Tuesday, March 9, 2010

I come from a long line of domestics

1910 -9- March - scrawled on the back of this photo taken of my great grandmother - exactly one hundred years ago today. Wow - I had no idea of the date until I flipped it over to scan it.

She came to this country at age fifteen, her passage paid for by a French woman for whom she became a personal lady's maid. She left her family behind in Ireland. From what I understand, my ancestors were a tough people. The family motto was "Inimicus Inimico", roughly translated "I am hostile to those who are hostile to me"...*ahem* Apparently her employer was good to her, so good in fact that my great grandmother named my grandmother after her.

This is my grandmother. I lived with her off and on when I was little. She didn't like many people, but she liked me and I liked her. She rarely ever called me Jodi. Her two favorite names for me were "Mabel" and "Maggie May, you bold brass article". She was one tough cookie and one fabulous cook. From what I remember, she spent most of her life in the kitchen. She made three hot meals a day from scratch, something I didn't appreciate as a child but I'm amazed at now, considering the amount of work it must have taken. She loved african violets. Her favorite color was pale lavender. And she made the best pork chops with pan-fried gravy that I've ever tasted. I believe my love of cooking came from her. When I look in the mirror, I see her face.

Here's her recipe for Irish soda bread:
4 cups flour
1 tsp baking soda
1 tbsp caraway seeds
1 tsp salt
1 1/4 cups buttermilk
Mix together and form into a round loaf. With a sharp knife, slash an 'X' across the top. Bake in a preheated oven at 425 degrees for 45 minutes.

20 comments:

Stephanie Ann said...

The bread looks so yummy. Maybe we'll make some next week. It looks absolutely perfect in your picture, you'll have to write a cookbook one of these days.

JoAnn said...

I love this! Family history is so much fun.

Val said...

I love the expression "you bold brass article"
and that is a gorgeous photo of your Great Grandmother..I wonder how old she was when it was taken.

Zach said...

As someone who has seen both pictures, you also bear more than a passing resemblance to your great grandmother.

imchosen4worship said...

I was thinking the same thing, Zach.

Jodi said...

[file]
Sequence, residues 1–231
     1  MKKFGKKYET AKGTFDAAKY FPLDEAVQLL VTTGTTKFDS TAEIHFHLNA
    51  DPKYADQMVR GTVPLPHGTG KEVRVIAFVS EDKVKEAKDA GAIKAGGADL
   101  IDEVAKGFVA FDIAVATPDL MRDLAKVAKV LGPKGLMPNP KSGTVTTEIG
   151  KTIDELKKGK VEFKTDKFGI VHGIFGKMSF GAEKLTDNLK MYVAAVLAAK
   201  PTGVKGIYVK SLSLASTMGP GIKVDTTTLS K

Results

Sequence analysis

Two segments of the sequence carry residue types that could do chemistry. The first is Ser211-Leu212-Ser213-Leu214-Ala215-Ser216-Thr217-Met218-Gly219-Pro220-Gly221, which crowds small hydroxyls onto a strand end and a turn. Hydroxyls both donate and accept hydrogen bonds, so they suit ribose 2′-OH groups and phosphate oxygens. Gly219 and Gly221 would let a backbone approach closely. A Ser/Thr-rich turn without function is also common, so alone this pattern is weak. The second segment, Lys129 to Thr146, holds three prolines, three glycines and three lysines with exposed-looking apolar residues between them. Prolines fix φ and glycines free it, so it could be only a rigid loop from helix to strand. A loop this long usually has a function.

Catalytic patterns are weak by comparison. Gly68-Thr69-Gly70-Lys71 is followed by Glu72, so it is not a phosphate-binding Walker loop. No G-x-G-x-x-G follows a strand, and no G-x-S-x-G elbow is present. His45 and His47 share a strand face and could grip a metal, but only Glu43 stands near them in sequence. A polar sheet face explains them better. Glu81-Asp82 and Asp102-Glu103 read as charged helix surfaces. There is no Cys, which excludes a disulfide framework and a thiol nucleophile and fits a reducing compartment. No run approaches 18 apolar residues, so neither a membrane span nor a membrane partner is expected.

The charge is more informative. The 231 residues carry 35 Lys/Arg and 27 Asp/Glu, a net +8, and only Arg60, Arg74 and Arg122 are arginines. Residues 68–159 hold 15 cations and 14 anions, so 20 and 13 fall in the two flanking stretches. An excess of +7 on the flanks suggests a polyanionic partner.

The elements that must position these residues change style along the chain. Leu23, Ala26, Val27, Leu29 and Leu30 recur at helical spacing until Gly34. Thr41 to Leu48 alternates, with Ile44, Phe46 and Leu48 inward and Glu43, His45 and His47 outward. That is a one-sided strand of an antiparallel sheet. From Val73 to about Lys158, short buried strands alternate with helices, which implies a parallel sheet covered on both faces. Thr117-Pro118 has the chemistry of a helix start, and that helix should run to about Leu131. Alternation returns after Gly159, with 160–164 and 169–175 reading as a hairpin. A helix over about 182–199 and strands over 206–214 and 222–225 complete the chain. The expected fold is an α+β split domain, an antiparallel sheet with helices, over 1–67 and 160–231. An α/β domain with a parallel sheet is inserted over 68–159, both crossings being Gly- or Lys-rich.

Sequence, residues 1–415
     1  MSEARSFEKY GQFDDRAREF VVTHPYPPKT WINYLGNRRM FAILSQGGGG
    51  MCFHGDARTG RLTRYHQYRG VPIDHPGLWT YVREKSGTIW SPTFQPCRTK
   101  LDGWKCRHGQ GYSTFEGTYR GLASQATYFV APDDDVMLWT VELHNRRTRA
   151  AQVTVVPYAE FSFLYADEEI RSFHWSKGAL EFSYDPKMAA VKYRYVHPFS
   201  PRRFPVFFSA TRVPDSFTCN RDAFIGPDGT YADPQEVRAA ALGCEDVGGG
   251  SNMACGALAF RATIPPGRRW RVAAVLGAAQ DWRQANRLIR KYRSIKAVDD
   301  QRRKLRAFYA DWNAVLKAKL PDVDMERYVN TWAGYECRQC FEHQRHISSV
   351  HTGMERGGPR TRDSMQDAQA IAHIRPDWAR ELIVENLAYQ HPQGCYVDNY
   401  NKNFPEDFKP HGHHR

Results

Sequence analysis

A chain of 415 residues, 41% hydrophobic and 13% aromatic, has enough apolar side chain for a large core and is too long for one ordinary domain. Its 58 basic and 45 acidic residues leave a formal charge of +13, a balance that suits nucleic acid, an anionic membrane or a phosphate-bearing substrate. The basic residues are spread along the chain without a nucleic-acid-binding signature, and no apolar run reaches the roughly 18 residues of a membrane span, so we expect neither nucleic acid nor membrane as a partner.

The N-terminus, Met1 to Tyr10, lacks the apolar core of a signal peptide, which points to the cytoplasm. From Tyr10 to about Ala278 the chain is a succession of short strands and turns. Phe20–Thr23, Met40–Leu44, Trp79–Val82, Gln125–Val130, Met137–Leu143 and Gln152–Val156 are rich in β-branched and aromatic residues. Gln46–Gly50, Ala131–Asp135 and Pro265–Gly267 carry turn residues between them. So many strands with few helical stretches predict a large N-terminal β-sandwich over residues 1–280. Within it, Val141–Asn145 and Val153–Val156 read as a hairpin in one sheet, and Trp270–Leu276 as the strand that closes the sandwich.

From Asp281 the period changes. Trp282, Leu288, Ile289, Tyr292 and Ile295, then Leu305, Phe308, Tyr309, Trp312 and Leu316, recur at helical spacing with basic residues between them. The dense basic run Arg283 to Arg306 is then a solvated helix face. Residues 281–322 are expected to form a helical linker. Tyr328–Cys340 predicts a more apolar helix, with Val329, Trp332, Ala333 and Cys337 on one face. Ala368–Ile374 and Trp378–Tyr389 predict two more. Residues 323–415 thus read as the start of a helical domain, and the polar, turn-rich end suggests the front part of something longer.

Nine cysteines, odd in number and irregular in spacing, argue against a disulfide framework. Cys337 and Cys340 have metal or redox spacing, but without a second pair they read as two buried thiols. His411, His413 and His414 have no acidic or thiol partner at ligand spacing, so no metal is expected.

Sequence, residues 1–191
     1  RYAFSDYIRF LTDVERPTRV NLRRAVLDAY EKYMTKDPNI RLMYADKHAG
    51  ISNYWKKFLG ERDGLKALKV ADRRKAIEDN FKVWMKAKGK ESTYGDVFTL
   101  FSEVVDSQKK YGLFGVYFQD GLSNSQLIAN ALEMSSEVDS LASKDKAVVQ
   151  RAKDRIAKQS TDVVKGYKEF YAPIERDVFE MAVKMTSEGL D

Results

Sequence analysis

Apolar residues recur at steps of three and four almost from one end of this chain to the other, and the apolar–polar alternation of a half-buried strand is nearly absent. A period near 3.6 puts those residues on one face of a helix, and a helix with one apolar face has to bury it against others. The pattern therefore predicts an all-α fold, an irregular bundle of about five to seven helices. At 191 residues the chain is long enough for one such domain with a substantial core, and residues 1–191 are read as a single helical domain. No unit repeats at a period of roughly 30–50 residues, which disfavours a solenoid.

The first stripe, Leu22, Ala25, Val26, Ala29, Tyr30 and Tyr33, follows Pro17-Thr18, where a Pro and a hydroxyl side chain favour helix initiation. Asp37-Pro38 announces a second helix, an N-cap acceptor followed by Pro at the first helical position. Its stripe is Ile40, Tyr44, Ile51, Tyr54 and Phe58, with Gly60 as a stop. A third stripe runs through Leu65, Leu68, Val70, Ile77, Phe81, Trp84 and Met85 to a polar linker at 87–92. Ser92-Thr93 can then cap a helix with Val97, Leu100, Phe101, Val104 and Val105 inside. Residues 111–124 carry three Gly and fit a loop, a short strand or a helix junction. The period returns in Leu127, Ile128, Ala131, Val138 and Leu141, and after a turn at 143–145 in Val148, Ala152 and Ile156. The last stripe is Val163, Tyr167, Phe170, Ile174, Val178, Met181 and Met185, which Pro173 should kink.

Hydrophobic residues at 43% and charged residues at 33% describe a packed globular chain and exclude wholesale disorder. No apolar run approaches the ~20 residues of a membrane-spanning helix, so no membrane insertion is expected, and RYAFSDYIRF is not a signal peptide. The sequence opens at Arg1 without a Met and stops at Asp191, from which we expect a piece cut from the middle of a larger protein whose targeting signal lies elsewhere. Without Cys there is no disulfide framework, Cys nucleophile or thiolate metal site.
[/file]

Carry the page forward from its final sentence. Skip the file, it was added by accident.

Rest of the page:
hey Val, I'm guessing she's still a teenager in this photo. I love the dress in combo with the sturdy, working girl shoes, and there's no wedding ring on her finger as of yet.

Jodi said...

You're right, Zach and Rosie, I was given the photo because of our likeness.

Treasures on GOD'S mountain said...

I enjoyed your 'blog' on your ancestors, interesting to find out about your Irish heritage !!
So 'U & I' both are 'here' in the USA, cause of our great grandparents.......:o)
Toni

Treasures on GOD'S mountain said...

I found an Irish Soda bread recipe, was going to make it for my daughter in law, who is pure 'IRISH', HAVEN'T done so yet..Was going to make it for her birthday in Jan. Maybe I'll remember it for Mother's day or before.
Toni :o)

Jodi said...

Toni, give the bread a try. It's really easy, and it's good with currents, too.

Val said...

I wonder if it was taken just before she left or just after she arrived as a photo for her family to keep?

Jodi said...

Hi Val, that's a good question, but I don't know the answer. I think it may've been taken here; she looks a little older than 15.

Stephanie Ann said...

Jodi was nice enough to let me make this Irish soda bread with currants in her kitchen. It was really really delicious!

Jodi said...

Steph, oxo

Amy said...

Well, I got lost in all your wonderful March posts looking for this one about your great grandmother. Worth the Search! Sounds like you have a heritage of strong and capable women. I can't imagine making three meals from scratch daily, either!

Southern Gal said...

Well, there you go. You can make Irish Soda Bread! One day you'll make sourdough, too. I love that you know so much about your ancestry.

Leslie said...

I LOVE this story (especially the family motto ;)

Love, too, that your grandmother called you "Maggie May, you bold brass article."

And that you have (and bake) her recipe for Irish soda bread.

My great-grandparents came over from Norway (on my mother's side) and Ireland (on my father's side.) The Norwegians were watchmakers, the Irish were characters. (At least from what I can gather from family stories.) My maiden name was Lawless. According to legend, the name fit the crime, somewhere back in old Ireland...)

Nancy said...

Is hers the pork chop with pan-fried gravy you shared with Deidra on Facebook not too long ago? Cause that's kind of a cool story--sharing an old-timey family recipe with virtual friends via the internets.

You bold brass article, you!

Ramblings by Carol Nuckols said...

What a story of Irish emigration! You know about the "American wake," I suppose, a wake the Irish held for family members leaving for America, whom they knew they'd never see again.
I may try your soda bread recipe. I'm wondering about the use of white flour --- was it the norm during your great-grandmother's time? I just spent three months in Ireland, and the delicious soda bread served there now is whole grain, also known as "brown bread."

Jodi said...

Carol, they could have used a whole meal flour in Ireland. My grandmother taught me using white. I don't know about Irish wakes for the living. When I was a child, I did attend my uncle Patrick's wake. He was laid out in the living room while people ate, drank, and toasted his memory around the body. It was quite unnerving to my delicate child psyche.

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